Thomas Nussbaumer

Lucerne University of Applied Sciences and Arts, Luzern, Lucerne, Switzerland

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Publications (26)24.75 Total impact

  • Jorge Martinez-Garcia · Thomas Nussbaumer
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    ABSTRACT: A one dimensional transient model for simulating the conversion of solid biomass fuels in grate boilers is presented. The model considers drying, pyrolysis, and char oxidation, gas flow through the pore space of the bed, conductive, convective and radiative heat transfer, and shrinkage of the fuel bed. It allows to study the influence of fuel properties and operating parameters on the solid fuel conversion, the resulting grate coverage, and the gas profiles. Experimental results from a 1.2 MW grate boiler at optimum conditions are used to adjust the moving bed velocity in the model. Calculations with increased fuel humidity then result in a prolonged drying time and unburnt carbon in the ash. Adopted model runs further reveal that ideal conditions can be recovered either by increasing the excess air, by air pre-heating, or by reducing the boiler capacity. Hence the model is useful to predict the influence of parameters on the fuel conversion, to evaluate measures for combustion optimisation, and to develop control strategies.
    No preview · Article · Aug 2015 · Combustion Science and Technology
  • Thomas Nussbaumer · Martin Kiener · Pascal Horat
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    ABSTRACT: Grate boilers are often applied for solid biofuels with high ash and moisture content in typical applications from 0.5 MW to 25 MW, and often operated at part load for heating applications. The paper presents measures to optimize the fluid dynamics to improve the combustion and to extend the part load capability. Thereto, special interest is given to the secondary air injection described as jets in cross flow (JICF) and the momentum flux ratio MR. For the situation in channel cross flows, the effective momentum flux ratio MReff is introduced. Different air injections are investigated by computational fluid dynamics (CFD) and validated by model experiments with particle image velocimetry (PIV) and image analysis. It is shown, that optimum conditions are achieved for MReff between 0.1 and 0.2 with 50% penetration depth for single-sided air injections. For opposite air-injections, as commonly applied in combustion chambers, higher MReff are also applicable. The most promising concepts are implemented in a 1.2 MW boiler and experimentally validated. The results show that the combustion quality, described by carbon monoxide (CO), can be improved by a factor of 4, compared to the reference case with already low emissions. Further, the boiler can be operated at lower excess air ratio, enabling an efficiency increase. By implementation of the presented measures, a stable operation from 30% load to full load can be achieved with CO emissions < 15 mg mn−3 at an oxygen volume fraction of 11% and at an excess air ratio of 1.8.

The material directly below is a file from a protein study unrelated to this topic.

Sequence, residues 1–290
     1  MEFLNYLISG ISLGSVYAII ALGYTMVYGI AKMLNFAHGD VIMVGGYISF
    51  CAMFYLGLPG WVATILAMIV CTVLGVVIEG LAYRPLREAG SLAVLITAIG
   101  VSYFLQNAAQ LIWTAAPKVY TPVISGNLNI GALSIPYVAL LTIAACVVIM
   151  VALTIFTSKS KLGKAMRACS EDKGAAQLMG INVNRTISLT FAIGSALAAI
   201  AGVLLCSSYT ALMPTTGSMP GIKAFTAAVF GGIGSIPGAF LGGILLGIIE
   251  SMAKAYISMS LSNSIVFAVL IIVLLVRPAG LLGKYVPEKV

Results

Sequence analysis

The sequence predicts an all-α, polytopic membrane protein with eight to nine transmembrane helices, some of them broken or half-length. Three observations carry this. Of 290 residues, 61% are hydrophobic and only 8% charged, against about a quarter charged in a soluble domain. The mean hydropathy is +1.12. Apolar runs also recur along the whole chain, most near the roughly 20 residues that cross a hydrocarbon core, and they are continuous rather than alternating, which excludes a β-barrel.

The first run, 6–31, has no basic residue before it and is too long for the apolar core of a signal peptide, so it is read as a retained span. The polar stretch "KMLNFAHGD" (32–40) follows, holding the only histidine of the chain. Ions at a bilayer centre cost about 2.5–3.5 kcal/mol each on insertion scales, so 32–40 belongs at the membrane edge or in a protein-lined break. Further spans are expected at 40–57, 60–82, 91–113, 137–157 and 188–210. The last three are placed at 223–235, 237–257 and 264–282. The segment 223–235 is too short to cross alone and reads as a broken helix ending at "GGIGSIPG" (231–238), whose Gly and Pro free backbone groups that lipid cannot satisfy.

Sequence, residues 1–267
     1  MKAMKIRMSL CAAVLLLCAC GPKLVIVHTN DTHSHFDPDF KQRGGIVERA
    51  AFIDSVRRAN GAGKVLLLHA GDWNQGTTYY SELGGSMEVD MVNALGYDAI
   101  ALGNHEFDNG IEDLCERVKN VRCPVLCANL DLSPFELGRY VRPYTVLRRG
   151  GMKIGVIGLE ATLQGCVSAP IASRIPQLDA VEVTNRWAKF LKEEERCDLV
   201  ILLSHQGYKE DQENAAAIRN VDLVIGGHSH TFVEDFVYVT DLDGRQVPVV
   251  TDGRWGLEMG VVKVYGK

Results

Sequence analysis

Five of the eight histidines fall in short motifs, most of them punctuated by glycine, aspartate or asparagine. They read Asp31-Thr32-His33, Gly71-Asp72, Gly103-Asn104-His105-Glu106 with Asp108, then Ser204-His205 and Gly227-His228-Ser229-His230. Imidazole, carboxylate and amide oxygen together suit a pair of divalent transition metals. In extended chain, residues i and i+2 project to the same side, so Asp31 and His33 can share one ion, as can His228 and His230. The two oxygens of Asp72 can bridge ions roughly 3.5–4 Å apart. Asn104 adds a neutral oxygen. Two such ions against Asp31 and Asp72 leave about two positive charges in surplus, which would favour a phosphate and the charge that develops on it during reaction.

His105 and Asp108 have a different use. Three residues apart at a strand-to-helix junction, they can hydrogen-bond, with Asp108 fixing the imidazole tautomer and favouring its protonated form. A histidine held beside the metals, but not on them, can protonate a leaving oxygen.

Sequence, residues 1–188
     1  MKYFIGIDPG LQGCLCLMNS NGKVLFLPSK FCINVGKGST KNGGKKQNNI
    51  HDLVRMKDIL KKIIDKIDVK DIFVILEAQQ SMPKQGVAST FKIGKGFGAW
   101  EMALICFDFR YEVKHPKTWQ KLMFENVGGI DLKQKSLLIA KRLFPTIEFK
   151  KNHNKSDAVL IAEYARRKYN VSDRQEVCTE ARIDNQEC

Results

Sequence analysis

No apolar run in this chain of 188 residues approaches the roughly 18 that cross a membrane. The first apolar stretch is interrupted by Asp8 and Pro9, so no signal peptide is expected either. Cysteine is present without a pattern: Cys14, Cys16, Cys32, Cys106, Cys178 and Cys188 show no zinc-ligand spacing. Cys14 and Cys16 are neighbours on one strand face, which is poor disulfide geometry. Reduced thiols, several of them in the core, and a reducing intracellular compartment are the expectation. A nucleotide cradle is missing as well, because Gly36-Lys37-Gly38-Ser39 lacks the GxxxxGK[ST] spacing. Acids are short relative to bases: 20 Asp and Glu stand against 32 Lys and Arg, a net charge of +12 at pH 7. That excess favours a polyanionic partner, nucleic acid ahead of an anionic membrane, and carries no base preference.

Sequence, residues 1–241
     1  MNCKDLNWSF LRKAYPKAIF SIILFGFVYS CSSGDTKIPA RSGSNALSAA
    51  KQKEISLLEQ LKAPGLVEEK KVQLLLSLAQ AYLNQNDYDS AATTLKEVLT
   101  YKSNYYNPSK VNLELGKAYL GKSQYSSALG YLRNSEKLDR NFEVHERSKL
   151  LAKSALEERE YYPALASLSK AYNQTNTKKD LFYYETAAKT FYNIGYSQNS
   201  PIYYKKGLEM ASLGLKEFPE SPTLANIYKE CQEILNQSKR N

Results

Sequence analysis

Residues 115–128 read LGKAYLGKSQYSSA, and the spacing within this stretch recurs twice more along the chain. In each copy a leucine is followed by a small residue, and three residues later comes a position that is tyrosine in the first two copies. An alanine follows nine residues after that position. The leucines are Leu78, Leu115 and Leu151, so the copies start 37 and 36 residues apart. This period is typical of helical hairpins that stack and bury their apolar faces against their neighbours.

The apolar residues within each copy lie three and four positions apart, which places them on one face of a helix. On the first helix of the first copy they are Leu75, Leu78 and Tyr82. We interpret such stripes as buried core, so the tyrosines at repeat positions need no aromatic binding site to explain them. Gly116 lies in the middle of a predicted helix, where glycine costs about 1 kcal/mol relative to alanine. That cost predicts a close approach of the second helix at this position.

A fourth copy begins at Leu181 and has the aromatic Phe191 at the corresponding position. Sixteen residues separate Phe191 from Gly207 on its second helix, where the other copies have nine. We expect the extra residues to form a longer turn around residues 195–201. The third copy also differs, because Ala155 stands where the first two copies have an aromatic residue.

No preview · Article · May 2015 · Biomass and Bioenergy
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    ABSTRACT: Primary emissions from a log wood burner and a pellet boiler were characterized by online measurements of the organic aerosol (OA) using a high-resolution time-of-flight aerosol mass spectrometer (HR-TOF-AMS) and of black carbon (BC). The OA and BC concentrations measured during the burning cycle of the log wood burner, batch wise fueled with wood logs, were highly variable and generally dominated by BC. The emissions of the pellet burner had, besides inorganic material, a high fraction of OA and a minor contribution of BC. However, during artificially induced poor burning BC was the dominating species with ∼80% of the measured mass. The elemental O:C ratio of the OA was generally found in the range of 0.2-0.5 during the startup phase or after reloading of the log wood burner. During the burnout or smoldering phase, O:C ratios increased up to 1.6-1.7, which is similar to the ratios found for the pellet boiler during stable burning conditions and higher than the O:C ratios observed for highly aged ambient OA. The organic emissions of both burners have a very similar H:C ratio at a given O:C ratio and therefore fall on the same line in the Van Krevelen diagram.
    No preview · Article · Sep 2012 · Environmental Science & Technology
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    ABSTRACT: This study reports the potential toxicological impact of particles produced during biomass combustion by an automatic pellet boiler and a traditional logwood stove under various combustion conditions using a novel profluorescent nitroxide probe, BPEAnit. This probe is weakly fluorescent but yields strong fluorescence emission upon radical trapping or redox activity. Samples were collected by bubbling aerosol through an impinger containing BPEAnit solution, followed by fluorescence measurement. The fluorescence of BPEAnit was measured for particles produced during various combustion phases: at the beginning of burning (cold start), stable combustion after refilling with the fuel (warm start), and poor burning conditions. For particles produced by the logwood stove under cold-start conditions, significantly higher amounts of reactive species per unit of particulate mass were observed compared to emissions produced during a warm start. In addition, sampling of logwood burning emissions after passing through a thermodenuder at 250 degrees C resulted in an 80-100% reduction of the fluorescence signal of the BPEAnit probe, indicating that the majority of reactive species were semivolatile. Moreover, the amount of reactive species showed a strong correlation with the amount of particulate organic material. This indicates the importance of semivolatile organics in particle-related toxicity. Particle emissions from the pellet boiler, although of similar mass concentration, were not observed to lead to an increase in fluorescence signal during any of the combustion phases.